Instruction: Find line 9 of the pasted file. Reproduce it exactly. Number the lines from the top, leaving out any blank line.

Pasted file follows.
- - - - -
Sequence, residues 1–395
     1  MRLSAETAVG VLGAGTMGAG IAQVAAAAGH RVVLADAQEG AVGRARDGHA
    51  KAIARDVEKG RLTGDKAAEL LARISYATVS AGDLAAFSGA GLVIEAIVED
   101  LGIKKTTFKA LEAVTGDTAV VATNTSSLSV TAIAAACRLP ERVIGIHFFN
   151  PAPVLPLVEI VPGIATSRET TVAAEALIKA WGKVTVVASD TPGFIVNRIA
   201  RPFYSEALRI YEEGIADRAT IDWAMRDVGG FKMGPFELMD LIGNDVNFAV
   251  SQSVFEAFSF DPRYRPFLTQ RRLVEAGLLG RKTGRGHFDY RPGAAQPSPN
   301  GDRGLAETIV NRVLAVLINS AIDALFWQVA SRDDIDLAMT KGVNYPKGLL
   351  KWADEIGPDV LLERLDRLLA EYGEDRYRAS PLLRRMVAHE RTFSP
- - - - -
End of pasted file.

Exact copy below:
   351  KWADEIGPDV LLERLDRLLA EYGEDRYRAS PLLRRMVAHE RTFSP